That certainly confirms Briffa's accusation, it seems to me: "pick the version" = sub-selecting, and "bias" = data that would imply an upturned blade. You can put a bow-tie on a snake, but it's still a snake.


Some stuff I've come across lately:
  • Nike has resigned from the US Chamber of Commerce board in protest of the organization's opposition to climate change legislation. Last week three other companies left the organization altogether: Pacific Gas & Electric, PNM Resources, and Exelon.
  • John Fleck has an update on Albuquerque's GHG situation. Emissions are up 8% despite the mayor's 2005 pledge to cut back.
  • Here are a couple of interesting sites: Sixty Symbols -- videos about physics and astronomy -- and The Periodic Table of Videos, about chemistry.
  • "6.4 percent of Portlanders say biking is their primary mode of transportation to work, up from just 2.1 percent 10 years ago. Of the 30 largest cities in the country, Minneapolis trailed in second place with 4.5 percent and Seattle ranked fourth with 3 percent regular bike commuters." (Portland Mercury News)

With Friends Like This...

(Part two of a series.)
Tokyo governor Shintaro Ishihara warned on Wednesday the 2016 Olympics could be the last Games, with global warming an immediate threat to mankind.

"It could be that the 2016 Games are the last Olympics in the history of mankind," Ishihara told reporters at a Tokyo 2016 press event ahead of the vote.

"Global warming is getting worse. We have to come up with measures without which Olympic Games could not last long.

Yamal Replies

Both Keith Briffa and RealClimate have replied to the Yamal accusations, and you get the impression they're a little pissed (but too professional to admit it). And you can't blame them, with all the unfounded accusations of malfeasance so quickly and irresponsibly tossed around. You'd get pissed too.

As usual, there's no there in any of the accusations. Here's Briffa:
The basis forThe substantive implication of McIntyre's comment (made explicitly in subsequent postings by others) is that the recent data that make up this chronology (i.e. the ring-width measurements from living trees) were purposely selected by me from among a larger available data set, specifically because they exhibited recent growth increases.
This is not the case. The Yamal tree-ring chronology (see also Briffa and Osborn 2002, Briffa et al. 2008) was based on the application of a tree-ring processing method applied to the same set of composite sub-fossil and living-tree ring-width measurements provided to me by Rashit Hantemirov and Stepan Shiyatov which forms the basis of a chronology they published (Hantemirov and Shiyatov 2002). In their work they traditionally applied a data processing method (corridor standardisation) that does not preserve evidence of long timescale growth changes. My application of the Regional Curve Standardisation method to these same data was intended to better represent the multi-decadal to centennial growth variations necessary to infer the longer-term variability in average summer temperatures in the Yamal region: to provide a direct comparison with the chronology produced by Hantemirov and Shiyatov.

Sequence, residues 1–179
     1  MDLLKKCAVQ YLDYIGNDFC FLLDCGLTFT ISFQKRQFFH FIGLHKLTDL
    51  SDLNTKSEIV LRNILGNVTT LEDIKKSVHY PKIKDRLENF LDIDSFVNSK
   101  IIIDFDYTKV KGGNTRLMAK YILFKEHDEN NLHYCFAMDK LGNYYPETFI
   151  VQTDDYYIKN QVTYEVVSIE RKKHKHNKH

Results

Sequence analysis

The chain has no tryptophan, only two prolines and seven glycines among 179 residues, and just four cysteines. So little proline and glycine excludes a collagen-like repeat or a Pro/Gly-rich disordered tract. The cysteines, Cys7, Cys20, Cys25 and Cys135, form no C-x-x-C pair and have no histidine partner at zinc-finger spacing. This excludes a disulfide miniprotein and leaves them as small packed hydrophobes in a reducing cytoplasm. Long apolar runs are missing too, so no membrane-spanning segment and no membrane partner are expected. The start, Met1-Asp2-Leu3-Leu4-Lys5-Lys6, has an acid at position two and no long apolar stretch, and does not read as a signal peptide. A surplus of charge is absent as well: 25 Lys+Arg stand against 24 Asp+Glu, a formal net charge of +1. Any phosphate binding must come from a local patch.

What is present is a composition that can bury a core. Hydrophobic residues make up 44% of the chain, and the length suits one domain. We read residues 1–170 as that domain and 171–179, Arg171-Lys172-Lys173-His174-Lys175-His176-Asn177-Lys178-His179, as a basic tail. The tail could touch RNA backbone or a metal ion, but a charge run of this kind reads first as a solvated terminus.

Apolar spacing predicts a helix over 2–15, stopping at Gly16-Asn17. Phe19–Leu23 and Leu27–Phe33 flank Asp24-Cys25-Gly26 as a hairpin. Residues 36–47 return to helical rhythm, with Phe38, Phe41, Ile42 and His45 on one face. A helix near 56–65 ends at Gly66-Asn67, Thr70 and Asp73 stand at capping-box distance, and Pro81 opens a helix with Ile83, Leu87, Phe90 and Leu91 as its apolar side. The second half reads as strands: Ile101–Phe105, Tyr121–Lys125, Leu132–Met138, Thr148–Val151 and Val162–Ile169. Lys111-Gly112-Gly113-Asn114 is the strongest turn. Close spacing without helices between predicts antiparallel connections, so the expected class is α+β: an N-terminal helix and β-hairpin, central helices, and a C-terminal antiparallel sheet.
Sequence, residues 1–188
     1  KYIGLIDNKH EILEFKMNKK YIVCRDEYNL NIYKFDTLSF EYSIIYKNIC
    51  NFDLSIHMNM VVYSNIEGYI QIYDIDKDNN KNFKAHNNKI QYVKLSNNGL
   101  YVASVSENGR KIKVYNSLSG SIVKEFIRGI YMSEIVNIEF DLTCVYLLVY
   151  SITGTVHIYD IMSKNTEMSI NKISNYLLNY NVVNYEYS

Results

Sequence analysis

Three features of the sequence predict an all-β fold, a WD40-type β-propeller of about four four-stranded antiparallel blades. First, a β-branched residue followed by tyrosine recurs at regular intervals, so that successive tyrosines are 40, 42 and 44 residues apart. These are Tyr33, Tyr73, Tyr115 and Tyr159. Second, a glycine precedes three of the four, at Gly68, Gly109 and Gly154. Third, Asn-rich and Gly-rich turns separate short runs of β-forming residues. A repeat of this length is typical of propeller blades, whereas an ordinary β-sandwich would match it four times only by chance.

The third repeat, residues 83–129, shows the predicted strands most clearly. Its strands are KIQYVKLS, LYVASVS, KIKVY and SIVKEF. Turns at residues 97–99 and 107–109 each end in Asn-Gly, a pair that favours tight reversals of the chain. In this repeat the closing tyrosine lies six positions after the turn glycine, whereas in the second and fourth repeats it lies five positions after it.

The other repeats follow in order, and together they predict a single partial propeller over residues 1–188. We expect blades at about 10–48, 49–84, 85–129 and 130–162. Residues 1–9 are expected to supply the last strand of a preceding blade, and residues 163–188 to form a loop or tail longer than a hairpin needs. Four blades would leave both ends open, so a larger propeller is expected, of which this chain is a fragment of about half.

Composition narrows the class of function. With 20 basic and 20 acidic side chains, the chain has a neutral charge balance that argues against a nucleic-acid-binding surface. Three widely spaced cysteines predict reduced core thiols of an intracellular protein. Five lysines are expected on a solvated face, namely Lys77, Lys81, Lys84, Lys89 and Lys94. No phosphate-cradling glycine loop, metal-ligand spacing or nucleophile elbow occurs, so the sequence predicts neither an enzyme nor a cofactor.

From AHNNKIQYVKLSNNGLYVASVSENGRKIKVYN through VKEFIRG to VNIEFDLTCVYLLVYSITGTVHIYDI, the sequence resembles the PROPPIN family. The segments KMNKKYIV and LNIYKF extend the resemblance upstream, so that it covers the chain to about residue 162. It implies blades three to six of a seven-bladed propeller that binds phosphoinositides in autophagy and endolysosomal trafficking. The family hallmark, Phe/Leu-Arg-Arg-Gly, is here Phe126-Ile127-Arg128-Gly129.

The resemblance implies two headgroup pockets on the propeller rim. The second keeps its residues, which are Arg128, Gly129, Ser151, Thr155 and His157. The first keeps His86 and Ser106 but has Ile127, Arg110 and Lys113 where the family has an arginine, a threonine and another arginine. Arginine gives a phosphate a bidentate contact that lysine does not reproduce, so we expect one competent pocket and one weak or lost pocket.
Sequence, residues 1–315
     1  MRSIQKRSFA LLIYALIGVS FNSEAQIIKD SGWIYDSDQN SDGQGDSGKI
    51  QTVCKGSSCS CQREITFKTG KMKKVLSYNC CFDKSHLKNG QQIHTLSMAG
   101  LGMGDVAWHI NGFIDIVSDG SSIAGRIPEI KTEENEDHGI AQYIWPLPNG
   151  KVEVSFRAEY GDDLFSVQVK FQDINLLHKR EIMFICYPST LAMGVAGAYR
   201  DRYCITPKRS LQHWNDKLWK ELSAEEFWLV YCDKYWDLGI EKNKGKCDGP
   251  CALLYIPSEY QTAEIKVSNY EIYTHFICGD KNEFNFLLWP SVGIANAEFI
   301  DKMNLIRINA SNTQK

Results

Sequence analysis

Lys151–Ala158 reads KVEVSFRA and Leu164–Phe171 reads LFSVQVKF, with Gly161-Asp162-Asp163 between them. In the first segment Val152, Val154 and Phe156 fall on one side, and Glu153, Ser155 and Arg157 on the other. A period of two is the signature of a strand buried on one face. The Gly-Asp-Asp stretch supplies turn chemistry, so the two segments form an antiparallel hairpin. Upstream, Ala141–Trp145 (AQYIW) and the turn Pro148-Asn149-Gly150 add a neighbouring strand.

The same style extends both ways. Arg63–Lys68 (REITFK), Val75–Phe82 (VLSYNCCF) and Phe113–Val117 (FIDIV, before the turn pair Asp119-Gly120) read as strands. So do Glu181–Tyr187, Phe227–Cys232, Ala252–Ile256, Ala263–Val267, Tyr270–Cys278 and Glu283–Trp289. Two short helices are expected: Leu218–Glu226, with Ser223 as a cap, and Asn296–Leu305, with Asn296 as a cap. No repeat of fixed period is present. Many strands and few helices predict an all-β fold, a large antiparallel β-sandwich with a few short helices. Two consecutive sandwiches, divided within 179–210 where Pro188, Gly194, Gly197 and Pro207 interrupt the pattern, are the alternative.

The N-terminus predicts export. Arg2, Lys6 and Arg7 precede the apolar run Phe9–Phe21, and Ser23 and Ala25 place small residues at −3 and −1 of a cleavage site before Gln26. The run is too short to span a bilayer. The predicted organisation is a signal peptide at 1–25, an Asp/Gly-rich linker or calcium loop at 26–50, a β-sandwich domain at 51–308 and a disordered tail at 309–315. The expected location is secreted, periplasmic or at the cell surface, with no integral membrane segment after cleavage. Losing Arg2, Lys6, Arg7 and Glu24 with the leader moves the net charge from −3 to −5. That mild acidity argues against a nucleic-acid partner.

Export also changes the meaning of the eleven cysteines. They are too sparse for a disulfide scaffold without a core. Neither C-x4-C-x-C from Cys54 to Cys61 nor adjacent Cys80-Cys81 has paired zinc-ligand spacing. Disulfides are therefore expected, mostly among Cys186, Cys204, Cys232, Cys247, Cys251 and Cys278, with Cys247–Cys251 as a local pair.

He continues:
McIntyre's selection of which of our (i.e. Hantemirov and Shiyatov's) data to exclude and which to use in replacement is not clear but his version of the chronology shows lower relative growth in recent decades than is displayed in my original chronology. He offers no justification for excluding the original data; and in one version of the chronology where he retains them, he appears to give them inappropriate low weights. I note that McIntyre qualifies the presentation of his version(s) of the chronology by reference to a number of valid points that require further investigation. Subsequent postings appear to pay no heed to these caveats. Whether the McIntyre version is any more robust a representation of regional tree growth in Yamal than my original, remains to be established.

And here's RealClimate getting to what I think is the heart of the matter:
There is nothing wrong with people putting together new chronologies of tree rings or testing the robustness of previous results to updated data or new methodologies. What is objectionable is the conflation of technical criticism with unsupported, unjustified and unverified accusations of scientific misconduct. Steve McIntyre keeps insisting that he should be treated like a professional. But how professional is it to continue to slander scientists with vague insinuations and spin made-up tales of perfidy out of the whole cloth instead of submitting his work for peer-review? He continues to take absolutely no responsibility for the ridiculous fantasies and exaggerations that his supporters broadcast, apparently being happy to bask in their acclaim rather than correct any of the misrepresentations he has engendered. If he wants to make a change, he has a clear choice; to continue to play Don Quixote for the peanut gallery or to produce something constructive that is actually worthy of publication.

Jennifer Mahasoy absurdly called for CRU scientists to resign over this manufactured scandal. Think she or McIntyre will have the integrity to fall on their own swords?

At the very least, McIntyre owes Briffa an apology.